The Wild One (2022) Tribeca Film Festival 2022

June 11th, 2022
Author: Meredith Taylor

Dir.: Tessa Louise-Salomé; Documentary with Jack Garfein, Blanche Baker, Peter Bogdanovich, Irene Jacobs, Dick Guttmann, Geoffrey Horne, Bobby Soto, Foster Hirsch; France 2022, 94 min.

The Wild One rediscovers Jack Garfein (1930-2019) one of America’s most unsung avant-garde filmmakers and acting teachers, who survived eleven concentration camps, before being liberated in Bergen-Belsen by British troups, weighing only 48 Pounds.

In her second feature documentary Tessa Louise-Salomé opts for a parallel montage: the events of his childhood and his creative life in the USA are interrelated, the events of his youth are supplemented with archive material. Garfein grew up in a small town in what is now the Czech Republic. His father organised resistance against the Nazis but was caught in 1942 trying to emigrate to Palestine and sent to Auschwitz. A year later Jack and his mother and younger sister Hadi were smuggled to Hungary where they were hidden by relatives. After Germany took over control of Hungary, the family was deported to Auschwitz where Jack’s mother told him to line up with the adult men – cursing him as he refused to obey her orders. Later he met Mengele, who could hardly believe Jack was sixteen, but let it go. Garfein hated his mother for the rest of the war when it became clear to him “she had given birth to him again by sending him away”. Later he was saved by a camp Kapo, who did not deliver the 25 lashes that would have killed him. Rescued by the British he looked into a mirror and came to the conclusion “this guy won’t survive long”. Via Sweden, he finally found refuge with an uncle in New York.

Garfein’s creative life was a battle against segregation and other social barriers. At the Lee Strasberg Actor’s Studio he was tutored by the German director Erwin Piscator, the star of Weimar theatre landscape, and would later find success in West and East Germany. Garfein adapted the play “End as a Man” – an early success of the Actor’s Studio from 1953 – notably for the feature film The Strange One in 1957. Hollywood’s reaction to the film, featuring inhuman cruelty in the Army among other incidents, was incendiary: twenty minutes were cut, and distribution was limited. Something Wild (1961), his second feature fared even worse. Caroll Baker, his then wife, starred as a rape victim: Garfein was then blacklisted and never directed a film again.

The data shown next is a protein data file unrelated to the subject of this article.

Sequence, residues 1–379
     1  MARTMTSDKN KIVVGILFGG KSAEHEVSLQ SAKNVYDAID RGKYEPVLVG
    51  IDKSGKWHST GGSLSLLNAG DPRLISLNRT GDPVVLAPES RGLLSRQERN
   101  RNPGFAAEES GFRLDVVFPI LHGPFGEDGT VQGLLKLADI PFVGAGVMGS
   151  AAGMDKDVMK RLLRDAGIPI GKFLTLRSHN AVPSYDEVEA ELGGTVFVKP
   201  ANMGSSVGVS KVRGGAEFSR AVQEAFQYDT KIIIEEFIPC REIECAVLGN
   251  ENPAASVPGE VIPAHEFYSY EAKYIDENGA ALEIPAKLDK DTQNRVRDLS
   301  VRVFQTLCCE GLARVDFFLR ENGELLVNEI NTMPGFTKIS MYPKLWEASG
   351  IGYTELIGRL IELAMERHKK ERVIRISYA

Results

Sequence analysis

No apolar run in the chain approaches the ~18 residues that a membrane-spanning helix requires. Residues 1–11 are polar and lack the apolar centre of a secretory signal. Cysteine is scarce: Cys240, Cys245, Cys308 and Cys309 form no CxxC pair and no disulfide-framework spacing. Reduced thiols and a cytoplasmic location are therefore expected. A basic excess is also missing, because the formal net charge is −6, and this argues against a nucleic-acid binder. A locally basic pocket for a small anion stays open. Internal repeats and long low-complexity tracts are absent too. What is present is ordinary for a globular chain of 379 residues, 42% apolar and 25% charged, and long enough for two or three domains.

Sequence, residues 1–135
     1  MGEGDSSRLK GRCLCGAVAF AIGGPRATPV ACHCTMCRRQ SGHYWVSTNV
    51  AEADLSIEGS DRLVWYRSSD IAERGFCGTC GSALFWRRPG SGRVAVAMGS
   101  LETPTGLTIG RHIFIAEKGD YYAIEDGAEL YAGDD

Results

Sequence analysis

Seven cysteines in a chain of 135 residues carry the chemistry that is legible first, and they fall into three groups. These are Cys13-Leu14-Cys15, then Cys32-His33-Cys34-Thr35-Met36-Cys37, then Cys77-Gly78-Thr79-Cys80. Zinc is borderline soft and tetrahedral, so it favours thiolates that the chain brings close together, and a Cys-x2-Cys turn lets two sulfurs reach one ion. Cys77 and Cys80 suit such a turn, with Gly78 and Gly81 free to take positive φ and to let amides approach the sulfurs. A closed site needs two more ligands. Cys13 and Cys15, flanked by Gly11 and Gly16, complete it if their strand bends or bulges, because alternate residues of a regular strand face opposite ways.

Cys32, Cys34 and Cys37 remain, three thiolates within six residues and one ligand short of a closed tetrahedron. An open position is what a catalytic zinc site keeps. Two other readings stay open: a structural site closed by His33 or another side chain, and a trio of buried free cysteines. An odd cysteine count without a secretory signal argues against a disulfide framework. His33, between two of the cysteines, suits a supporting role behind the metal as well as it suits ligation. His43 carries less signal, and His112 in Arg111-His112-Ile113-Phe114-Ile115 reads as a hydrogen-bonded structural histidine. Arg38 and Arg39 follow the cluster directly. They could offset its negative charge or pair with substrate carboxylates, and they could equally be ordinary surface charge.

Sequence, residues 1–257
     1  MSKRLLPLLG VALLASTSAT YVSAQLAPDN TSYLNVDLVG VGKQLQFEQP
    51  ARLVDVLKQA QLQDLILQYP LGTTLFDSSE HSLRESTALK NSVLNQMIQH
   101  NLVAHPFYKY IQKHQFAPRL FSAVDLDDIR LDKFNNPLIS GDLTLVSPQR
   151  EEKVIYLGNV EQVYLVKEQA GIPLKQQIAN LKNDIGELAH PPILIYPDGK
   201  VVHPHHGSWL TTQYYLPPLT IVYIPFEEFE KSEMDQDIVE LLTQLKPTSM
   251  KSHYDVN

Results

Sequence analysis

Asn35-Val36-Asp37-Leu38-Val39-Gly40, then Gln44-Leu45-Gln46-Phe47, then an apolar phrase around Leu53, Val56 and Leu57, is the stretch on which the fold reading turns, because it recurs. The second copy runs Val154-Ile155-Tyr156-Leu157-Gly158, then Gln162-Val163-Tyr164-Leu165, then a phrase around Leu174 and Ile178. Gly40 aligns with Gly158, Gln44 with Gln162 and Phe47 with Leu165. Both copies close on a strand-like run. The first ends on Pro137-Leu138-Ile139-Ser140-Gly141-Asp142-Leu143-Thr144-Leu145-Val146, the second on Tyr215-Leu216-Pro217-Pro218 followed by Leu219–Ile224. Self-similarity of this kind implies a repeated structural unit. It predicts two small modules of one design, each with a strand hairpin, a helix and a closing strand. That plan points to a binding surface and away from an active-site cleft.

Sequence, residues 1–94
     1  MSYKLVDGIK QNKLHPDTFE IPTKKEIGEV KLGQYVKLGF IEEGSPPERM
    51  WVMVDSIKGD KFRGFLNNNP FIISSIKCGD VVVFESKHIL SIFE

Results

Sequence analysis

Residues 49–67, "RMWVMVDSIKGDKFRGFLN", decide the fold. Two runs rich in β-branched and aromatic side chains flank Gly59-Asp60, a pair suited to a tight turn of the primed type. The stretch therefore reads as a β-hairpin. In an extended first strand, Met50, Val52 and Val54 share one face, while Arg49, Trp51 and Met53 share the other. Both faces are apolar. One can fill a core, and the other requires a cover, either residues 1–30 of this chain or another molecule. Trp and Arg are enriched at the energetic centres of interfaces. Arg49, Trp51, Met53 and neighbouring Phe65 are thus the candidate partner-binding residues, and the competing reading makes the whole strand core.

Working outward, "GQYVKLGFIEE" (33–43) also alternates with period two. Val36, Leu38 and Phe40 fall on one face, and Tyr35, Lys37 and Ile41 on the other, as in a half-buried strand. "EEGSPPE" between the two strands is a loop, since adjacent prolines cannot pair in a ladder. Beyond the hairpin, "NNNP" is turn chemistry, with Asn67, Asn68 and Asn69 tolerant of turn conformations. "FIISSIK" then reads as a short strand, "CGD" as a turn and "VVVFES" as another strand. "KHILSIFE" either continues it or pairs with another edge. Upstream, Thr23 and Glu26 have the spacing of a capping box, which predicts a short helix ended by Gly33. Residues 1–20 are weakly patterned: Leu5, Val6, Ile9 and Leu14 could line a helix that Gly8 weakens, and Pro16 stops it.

But the wrath of Hollywood ‘powers that be’ knew no boundaries: Caroll Baker was given a seven film-contract by Colombia, but this was frozen until she relinquished Garfein’s representation. Divorce followed and Baker’s suicide attempts. Garfein’s TV work was very limited. Teaching became his focus after leaving the rather authoritarian Strasberg, and he went on to found, with Paul Newman, the Los Angles Branch of the Actor’s Studio in 1966. Eight years later he was instrumental in setting up the “Samuel Beckett Theatre”, and became its first Artistic Director. Having cast, among others, Ben Gazzera and James Dean in their 1950s debuts, Garfein was later lauded in Europe, where actors Irene Jacob were impressed by his very personal method. To the very end of his life, he dreamed of directing a third feature film.

DoP Boris Levy is particularly successful with the dream sequences underlining the feature’s rueful tone depicting Garfein as a stranger in New York, disconnected from a creative society he was once part of. Overall, The Wild One is an eye opener for all those unfamiliar with the fate of a Holocaust survivor, a victim of censorship that blighted his career and personal life. Passionate and informative, The Wild One showcases the life of Jack Garfein for a wider audience. AS

TRIBECA FILM FESTIVAL 2022 | World Premiere | Documentary Competition | 11 June 2022 | winner Best Cinematography in a documentary 


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